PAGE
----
I appreciate the Senator’s kind comments about my work. We have had a 286% increase in special class places over the past decade and there are 2,118 special classes this year, providing places to 12,700 children with additional needs. I would like to see this unit up and running at St. Mary’s Boys National School before September, but we have to let the negotiations take place and the Department to acquire the site and work with the school as closely as possible. I hope that there will be good news.

I apologise to the Minister of State for speeding up the process. I am always interested in what she has to say. I am particularly interested when it concerns Booterstown, an area that I represented for many years.

Rail Network

The delivery of the rail line to Navan has been debated for more than 20 years. Since the opening of phase 1 in 2010 by the then Minister for Transport, Mr. Noel Dempsey, the completion of the line from Dunboyne to Navan has fallen off the agenda, including the national development plan, NDP. However, there is reason to have great optimism at this very moment because we have the coming together of the review of the NDP and, critically, the review by the National Transport Authority, NTA, of the transport strategy for the greater Dublin area. Key to the NTA review is the fact that the Navan element was analysed on an evidence basis. This is important if it is to become part of the NDP. I am hopeful that, when presented to the Minister, the NTA's review of its many projects will be favourable and that we will then see him ensuring that this project is included in the plan, but time is key because the two reviews are beginning to align at this very moment.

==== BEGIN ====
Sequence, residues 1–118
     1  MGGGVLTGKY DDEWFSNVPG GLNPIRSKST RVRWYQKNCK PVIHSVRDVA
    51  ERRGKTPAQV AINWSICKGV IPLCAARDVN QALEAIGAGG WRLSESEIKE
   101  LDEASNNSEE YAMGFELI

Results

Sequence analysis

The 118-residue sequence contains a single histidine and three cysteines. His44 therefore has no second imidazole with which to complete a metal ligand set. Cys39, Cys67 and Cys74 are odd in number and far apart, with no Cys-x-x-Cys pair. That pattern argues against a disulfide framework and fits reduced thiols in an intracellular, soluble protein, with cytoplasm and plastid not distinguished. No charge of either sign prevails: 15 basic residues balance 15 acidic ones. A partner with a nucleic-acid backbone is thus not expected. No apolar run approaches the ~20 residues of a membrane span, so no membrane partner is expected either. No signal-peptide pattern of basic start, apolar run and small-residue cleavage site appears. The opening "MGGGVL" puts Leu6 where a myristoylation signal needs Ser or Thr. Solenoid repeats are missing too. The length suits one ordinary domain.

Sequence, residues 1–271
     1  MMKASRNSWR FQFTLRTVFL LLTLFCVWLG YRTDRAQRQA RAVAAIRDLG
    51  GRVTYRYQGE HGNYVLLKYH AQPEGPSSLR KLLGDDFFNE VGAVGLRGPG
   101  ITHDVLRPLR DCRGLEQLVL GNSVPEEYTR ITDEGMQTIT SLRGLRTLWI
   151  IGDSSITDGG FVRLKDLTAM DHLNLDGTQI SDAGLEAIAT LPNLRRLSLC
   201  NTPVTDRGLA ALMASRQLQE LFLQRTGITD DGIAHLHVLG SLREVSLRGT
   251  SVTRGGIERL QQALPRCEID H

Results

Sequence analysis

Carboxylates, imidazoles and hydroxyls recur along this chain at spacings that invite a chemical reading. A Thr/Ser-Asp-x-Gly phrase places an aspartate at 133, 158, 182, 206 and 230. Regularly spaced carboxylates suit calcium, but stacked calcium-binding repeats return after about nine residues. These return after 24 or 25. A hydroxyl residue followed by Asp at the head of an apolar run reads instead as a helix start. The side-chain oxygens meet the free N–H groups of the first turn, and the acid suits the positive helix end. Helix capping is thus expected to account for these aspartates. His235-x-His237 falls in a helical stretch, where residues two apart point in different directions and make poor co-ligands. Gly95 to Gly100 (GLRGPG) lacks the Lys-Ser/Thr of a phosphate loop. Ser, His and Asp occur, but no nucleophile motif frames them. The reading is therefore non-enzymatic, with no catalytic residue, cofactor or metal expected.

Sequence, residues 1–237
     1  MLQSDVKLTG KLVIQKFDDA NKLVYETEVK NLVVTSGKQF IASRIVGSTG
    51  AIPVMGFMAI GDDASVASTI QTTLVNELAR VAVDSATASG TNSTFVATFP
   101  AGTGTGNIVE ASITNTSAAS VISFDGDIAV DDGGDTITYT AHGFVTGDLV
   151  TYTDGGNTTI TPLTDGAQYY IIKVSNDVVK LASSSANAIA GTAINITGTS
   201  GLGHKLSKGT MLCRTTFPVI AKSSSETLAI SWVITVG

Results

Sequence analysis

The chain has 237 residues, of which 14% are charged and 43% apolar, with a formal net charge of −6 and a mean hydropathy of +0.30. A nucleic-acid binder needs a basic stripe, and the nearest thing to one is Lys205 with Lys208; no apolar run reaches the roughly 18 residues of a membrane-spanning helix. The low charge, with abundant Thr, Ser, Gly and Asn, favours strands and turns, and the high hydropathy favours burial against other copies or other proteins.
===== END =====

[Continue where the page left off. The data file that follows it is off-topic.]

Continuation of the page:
We need a firm financial commitment towards the expediting of this infrastructure. When I raised this issue with the Minister in the Chamber, he spoke of the need for positive statements from Meath County Council as the lead planning authority. From a strategic planning point of view, the council's work to demonstrate the population growth in the urban centre of Navan and along the designated route has been exemplary. It has been the essence of good planning in terms of creating centralised growth centres with good public transport hubs to provide people with easy access to their work or education in Dublin city centre.

I am sure the Minister of State will refer to the Department's need to decarbonise and the sustainable mobility of people. In July 2017, its economic and financial evaluation unit published a report that estimated the cost of aggravated congestion across Ireland's transport system and how it would grow without intervention in the coming decades. Its analysis suggested that the cost of time lost due to aggravated congestion in the base year of 2012 was nearly €500 million and predicted an increase to €2 billion by 2033. That is happening in County Meath right now. Ours is the only county in the greater Dublin area without rail connectivity to its capital town. What has been missing over the past decade has been the political will to make this happen.